Diabetes

Diabetes

Diabetes mellitus (MEL-ih-tus), often referred to as diabetes, is characterized by high blood glucose (sugar) levels that result from the body’s inability to produce enough insulin and/or effectively utilize the insulin. Diabetes is a serious, life-long condition and the sixth leading cause of death in the United States. Diabetes is a disorder of metabolism (the body's way of digesting food and converting it into energy). There are three forms of diabetes. Type 1 diabetes is an autoimmune disease that accounts for five- to 10-percent of all diagnosed cases of diabetes. Type 2 diabetes may account for 90- to 95-percent of all diagnosed cases. The third type of diabetes occurs in pregnancy and is referred to as gestational diabetes. Left untreated, gestational diabetes can cause health issues for pregnant women and their babies. People with diabetes can take preventive steps to control this disease and decrease the risk of further complications.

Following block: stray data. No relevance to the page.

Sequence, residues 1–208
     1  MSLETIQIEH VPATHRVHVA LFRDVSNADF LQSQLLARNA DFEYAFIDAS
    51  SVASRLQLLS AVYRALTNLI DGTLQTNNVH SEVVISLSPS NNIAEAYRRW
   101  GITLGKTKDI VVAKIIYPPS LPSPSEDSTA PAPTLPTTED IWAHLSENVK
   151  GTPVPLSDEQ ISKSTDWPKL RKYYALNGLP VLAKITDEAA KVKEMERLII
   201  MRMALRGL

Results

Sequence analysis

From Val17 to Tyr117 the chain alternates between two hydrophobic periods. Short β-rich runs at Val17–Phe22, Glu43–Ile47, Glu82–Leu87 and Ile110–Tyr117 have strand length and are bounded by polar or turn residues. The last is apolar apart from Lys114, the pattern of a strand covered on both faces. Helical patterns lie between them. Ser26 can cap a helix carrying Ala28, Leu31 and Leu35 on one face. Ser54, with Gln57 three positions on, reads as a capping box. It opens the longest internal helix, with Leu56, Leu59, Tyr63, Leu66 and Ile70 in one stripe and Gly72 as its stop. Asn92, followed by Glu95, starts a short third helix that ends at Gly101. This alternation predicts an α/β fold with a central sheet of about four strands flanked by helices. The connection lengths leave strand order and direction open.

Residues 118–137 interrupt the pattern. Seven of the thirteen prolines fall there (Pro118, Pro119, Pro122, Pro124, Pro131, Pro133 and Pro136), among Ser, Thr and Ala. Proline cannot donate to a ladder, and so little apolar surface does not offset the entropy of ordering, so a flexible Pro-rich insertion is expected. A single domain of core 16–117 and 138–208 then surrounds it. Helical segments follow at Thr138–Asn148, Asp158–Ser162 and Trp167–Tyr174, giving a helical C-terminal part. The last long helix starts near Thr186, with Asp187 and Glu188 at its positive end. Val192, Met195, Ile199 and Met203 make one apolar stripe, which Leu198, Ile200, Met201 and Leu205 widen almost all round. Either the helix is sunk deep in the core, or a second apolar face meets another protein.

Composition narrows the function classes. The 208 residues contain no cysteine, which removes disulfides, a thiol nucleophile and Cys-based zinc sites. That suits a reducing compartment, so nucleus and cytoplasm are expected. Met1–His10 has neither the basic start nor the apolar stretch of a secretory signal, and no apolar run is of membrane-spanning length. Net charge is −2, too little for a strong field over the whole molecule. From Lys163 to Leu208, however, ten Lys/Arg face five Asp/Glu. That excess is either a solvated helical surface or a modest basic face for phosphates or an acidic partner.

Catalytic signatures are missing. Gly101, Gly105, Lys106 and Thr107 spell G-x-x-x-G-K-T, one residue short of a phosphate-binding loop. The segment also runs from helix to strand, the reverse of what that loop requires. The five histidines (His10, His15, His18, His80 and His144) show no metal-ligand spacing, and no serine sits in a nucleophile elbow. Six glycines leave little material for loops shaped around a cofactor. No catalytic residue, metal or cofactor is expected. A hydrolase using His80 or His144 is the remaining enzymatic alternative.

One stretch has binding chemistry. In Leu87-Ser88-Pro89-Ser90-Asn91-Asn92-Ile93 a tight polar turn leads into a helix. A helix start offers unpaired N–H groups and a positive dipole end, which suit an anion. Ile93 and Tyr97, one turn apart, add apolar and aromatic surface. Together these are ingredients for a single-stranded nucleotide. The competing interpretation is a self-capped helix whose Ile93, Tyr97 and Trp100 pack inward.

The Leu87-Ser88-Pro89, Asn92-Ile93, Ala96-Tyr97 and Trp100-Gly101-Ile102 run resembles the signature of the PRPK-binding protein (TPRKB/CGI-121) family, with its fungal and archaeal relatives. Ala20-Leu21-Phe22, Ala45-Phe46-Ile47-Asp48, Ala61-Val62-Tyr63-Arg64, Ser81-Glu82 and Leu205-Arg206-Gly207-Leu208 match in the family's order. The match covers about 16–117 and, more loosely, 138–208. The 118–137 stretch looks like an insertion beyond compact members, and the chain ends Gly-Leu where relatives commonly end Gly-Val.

Recently Answered

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    Alternative blood glucose monitoring, such as the upper arm, thigh, calf, and palm, is available with some blood glucose meters. Make sure to check your meter for the availability of this feature before using alternate sites. Alternate sites will give you more options, but these sites may not be as consistently accurate as your fingertips. For example, readings from alternate sites may vary after eating, taking insulin, or during low blood glucose periods. 

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    Some glucose meters are so small that they fit on a vial of strips, while others are larger, so people with big hands can handle them easily. Small meters are easy to slip into your pocket or purse. However, if you have trouble with small hand and finger movements, you may want to consider a larger meter. Larger meters may be heavier and clumsier to carry around. Some meters have rubber grips that make them easy to hold.